Wow! Talk about opening my eyes to how our society sets our youth up for failure!! I still refer to this book from time to time for solid examples of abuse of power and twisted ethics. Example: have you ever seen a billboard in the wealthy neighborhoods advertising expensive sneakers or must-have gadgets? Not likely to see billboards at ALL in wealthy neighborhoods yet, they can afford it and most likely already have it. How twisted that when you drive through the low-income neighborhoods there ...more
Carly Drake
Feb 27, 2013 rated it really liked it
I read a review in which this book was described as a rant, and I'd have to agree - an eloquent, feisty, brilliant rant. I have only encountered Galeano in bits and pieces across my academic life, so it was nice to sit down with him and get to know him a little better. I feel like he and Naomi Klein could be friends; this work brings together ideas about so many different aspects of modern life (economics, politics, food, culture) and I appreciated his astute and uncompromising insights. My ...more
Jun 23, 2009 rated it it was amazing
My brother gave me this book as a present. It took me awhile to get through it because I kept setting it down for long periods. This also means I don't remember a lot of what the author said in the first half, but I remember really liking it! Its the kind of book that is easy to read in sections. A lot of the information he presented was not super surprising for me (although I can see how the book was eye-opening for my brother) but it was a good reminder that I know nothing about the US's ...more
May 15, 2010 rated it really liked it
A rereading. Galeano is always worth a second or third look. This book in particular rises from the preachy, infuriated side of the liberal/socialist universe, but shows in plain view the harsh, brutally selfish and divided world we have become from the capitalism propped up by the police/military/political establishment and our own complacency. Nothing really shocking for anyone willing to delve deeper below the surface. Images of "City of God" kept running through my mind in the sections on ...more
Jul 21, 2008 rated it liked it
One could conceive of this book as Galeano's reporting and reflecting on neoliberal capitalism (it was originally published in 1998). While much of the analysis may well seem trite today, the book is a thoroughly satisfying quick read: conceived as a series of satirical lesson plans, these pages of punchy prose evince Galeano's moving skills at ripping away the fetish of bourgeois ideology and representing the suffering of human beings without succuming to either pornographic exploitation or ...more
May 15, 2015 rated it liked it
What an interesting and an eye opening book, you learn something knew about the unjust craziness of this world on every page and with a very simple, straight to the point and witty style. I found myself marking to remember almost every page. The book was published in 1998, and as "upside down" as the world was then its exponentially worse now (in my humble opinion). It would have much more value if the book was continued to reflect the millennium events, though the book anticipates them.note ...more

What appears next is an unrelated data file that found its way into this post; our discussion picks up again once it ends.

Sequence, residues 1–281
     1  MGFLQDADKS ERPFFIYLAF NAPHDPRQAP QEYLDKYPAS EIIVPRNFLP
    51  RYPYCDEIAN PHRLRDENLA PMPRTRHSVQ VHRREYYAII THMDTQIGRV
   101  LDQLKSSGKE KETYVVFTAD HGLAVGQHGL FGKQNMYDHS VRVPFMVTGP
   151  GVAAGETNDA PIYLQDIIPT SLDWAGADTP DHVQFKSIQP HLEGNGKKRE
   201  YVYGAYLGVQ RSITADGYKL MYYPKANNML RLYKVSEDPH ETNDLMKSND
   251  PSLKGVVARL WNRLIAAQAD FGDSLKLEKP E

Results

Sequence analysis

Karlo Mikhail
Aug 04, 2012 rated it it was amazing
Shelves: favorites, history
This is a crushing satirical expose of the glaring inequalities and injustices of a world turned upside down that many has come to be desensitized as “normal.” Here is one my favorite lines from Galeano’s mock lesson plans: “The worst violators of nature and human rights never go to jail. They hold the keys… the countries that guard the peace also make and sell the most weapons. The most prestigious banks launder the most drug money and harbor the most stolen cash. The most successful industries ...more
Jun 05, 2007 rated it liked it
Shelves: on-hold
Now, if you like your history clearly written from a particular point of view, Galeano is the man. I don't know how he maintains such a consistent sense of outrage and injustice, but I admire him for it, and I find his books - while not necessarily comforting or enjoyable - always thought-provoking. This is more lyrical and less historical, more biting social commentary than literature, but so far, so good.
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Eduardo Galeano was a Uruguayan journalist, writer and novelist. His best known works are Memoria del fuego (Memory of Fire Trilogy, 1986) and Las venas abiertas de América Latina (Open Veins of Latin America, 1971) which have been translated into twenty languages and transcend orthodox genres: combining fiction, journalism, political analysis, and history.

The author himself has proclaimed his
“Si Eva hubiera escrito el Génesis, ¿cómo sería la primera noche de amor
del género humano? Eva hubiera empezado por aclarar que ella no nació de
ninguna costilla, ni conoció a ninguna serpiente, ni ofreció manzanas a nadie,
y que Dios nunca le dijo que parirás con dolor y tu marido te dominará. Que
todas esas historias son puras mentiras que Adán contó a la prensa.”
“Human rights pale beside the rights of machines. In more and more cities, especially in the great metropolises of the South, people have been banned. Automobiles usurp human space, poison the air, and frequently murder the interlopers who invade their conquered territory -and no one lifts a finger to stop them. Is there a difference between violence that kills by car and that which kills by knife or bullet?" (p.231)” 13 likes
More quotes…